Doctors find indicators of heart disease in children

Nov 22, 2010

Overweight children are likely to remain that way in adulthood

Many habits that are picked up in childhood can be carried on into adulthood. That is why it's troubling for healthcare professionals to see a number of children consuming unhealthy diets and living sedentary lifestyles. Such habits can lead to serious health conditions and higher life insurance premiums.

Doctors from the Cincinnati Children's Hospital Medical Center conducted a study on more than 600 preteens and young adults. They found that those whose arterial stiffness was greatest were more likely to develop heart disease.

The research teams such findings will help motivate parents and their children to engage in healthier lifestyles. Cincinnati Children's Hospital Dr. Tom Kimball has also identified body mass index as being insightful.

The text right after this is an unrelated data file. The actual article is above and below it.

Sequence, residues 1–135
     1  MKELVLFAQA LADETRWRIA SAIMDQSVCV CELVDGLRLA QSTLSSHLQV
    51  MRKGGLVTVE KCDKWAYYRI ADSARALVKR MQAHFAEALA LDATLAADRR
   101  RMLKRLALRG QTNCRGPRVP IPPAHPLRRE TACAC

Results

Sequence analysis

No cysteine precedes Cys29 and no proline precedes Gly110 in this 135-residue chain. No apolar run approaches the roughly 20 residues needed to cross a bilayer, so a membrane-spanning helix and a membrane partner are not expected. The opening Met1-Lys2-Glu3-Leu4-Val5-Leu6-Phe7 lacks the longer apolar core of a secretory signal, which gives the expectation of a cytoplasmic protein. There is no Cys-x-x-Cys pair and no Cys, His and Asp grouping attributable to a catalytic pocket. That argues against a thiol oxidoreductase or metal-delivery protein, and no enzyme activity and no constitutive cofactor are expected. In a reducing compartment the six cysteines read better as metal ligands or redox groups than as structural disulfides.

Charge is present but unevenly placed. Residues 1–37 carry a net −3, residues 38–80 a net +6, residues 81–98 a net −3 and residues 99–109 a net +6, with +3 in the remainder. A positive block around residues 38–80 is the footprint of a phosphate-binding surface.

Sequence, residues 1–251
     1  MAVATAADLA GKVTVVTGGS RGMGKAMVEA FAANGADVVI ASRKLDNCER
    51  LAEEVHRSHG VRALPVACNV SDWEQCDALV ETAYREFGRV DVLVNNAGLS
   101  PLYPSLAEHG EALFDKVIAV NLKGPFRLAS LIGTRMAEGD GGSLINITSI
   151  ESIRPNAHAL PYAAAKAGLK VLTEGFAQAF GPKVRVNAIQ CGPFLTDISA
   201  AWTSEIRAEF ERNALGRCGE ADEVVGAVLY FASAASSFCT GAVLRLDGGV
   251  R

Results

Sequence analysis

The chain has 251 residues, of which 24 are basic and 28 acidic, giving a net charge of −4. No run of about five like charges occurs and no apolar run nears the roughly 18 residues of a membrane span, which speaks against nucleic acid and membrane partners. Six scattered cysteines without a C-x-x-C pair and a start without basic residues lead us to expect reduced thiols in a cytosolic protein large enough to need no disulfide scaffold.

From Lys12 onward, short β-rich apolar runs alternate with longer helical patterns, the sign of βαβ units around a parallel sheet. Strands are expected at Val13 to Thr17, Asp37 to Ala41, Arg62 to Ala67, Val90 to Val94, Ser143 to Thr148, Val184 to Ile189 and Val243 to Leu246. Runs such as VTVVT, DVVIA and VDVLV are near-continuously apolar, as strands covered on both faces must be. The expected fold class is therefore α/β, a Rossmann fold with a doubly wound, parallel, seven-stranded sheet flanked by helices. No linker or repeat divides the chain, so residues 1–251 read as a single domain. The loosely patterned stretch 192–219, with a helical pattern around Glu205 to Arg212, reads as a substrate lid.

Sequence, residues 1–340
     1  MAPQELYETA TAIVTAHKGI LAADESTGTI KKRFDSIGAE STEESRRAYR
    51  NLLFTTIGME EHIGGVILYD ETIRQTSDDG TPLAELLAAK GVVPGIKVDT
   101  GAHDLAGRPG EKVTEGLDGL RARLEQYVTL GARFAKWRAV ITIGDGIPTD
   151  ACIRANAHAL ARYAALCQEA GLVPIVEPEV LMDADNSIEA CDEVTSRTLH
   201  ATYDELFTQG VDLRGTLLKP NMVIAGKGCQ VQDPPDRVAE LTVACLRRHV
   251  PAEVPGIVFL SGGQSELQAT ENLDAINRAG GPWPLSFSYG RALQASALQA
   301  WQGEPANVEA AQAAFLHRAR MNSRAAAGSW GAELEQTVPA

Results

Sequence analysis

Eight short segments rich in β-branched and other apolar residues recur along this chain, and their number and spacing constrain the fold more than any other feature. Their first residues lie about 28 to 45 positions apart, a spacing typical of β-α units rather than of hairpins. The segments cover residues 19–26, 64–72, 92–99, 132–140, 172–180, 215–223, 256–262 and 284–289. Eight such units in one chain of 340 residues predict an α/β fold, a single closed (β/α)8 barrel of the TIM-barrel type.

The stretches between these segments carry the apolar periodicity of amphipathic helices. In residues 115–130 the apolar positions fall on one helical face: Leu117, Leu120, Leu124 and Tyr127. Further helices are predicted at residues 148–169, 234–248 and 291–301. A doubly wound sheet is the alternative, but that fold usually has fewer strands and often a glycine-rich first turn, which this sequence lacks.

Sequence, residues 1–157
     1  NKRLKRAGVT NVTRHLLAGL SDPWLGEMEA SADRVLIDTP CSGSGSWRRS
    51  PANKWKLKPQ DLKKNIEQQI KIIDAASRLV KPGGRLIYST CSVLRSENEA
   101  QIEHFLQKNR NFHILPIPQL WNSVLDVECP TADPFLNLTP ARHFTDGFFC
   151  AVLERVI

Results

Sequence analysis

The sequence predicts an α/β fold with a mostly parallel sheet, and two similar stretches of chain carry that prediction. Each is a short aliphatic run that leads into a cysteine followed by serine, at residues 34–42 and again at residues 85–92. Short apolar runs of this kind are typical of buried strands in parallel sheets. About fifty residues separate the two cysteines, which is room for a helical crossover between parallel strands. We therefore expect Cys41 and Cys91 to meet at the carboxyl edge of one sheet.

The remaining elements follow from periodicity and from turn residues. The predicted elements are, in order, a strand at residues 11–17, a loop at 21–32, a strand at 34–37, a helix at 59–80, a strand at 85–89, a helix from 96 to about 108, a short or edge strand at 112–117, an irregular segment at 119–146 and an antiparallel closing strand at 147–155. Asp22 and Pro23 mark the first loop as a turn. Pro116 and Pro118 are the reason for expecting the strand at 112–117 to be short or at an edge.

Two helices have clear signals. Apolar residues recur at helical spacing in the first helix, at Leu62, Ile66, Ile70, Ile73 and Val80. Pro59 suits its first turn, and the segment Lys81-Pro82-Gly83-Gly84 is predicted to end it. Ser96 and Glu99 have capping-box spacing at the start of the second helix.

"Health care professionals shouldn't accept current trends in childhood BMI and left ventricular mass when determining if children are healthy and have normal hearts," says Kimball. "Pediatricians and family physicians must start measuring children's BMI as early as age 3 and help families reverse it if required."

Heart disease is a serious and deadly health condition. More than 630,000 people lose their life to the disease in 2006, according to the Centers for Disease Control and Prevention.

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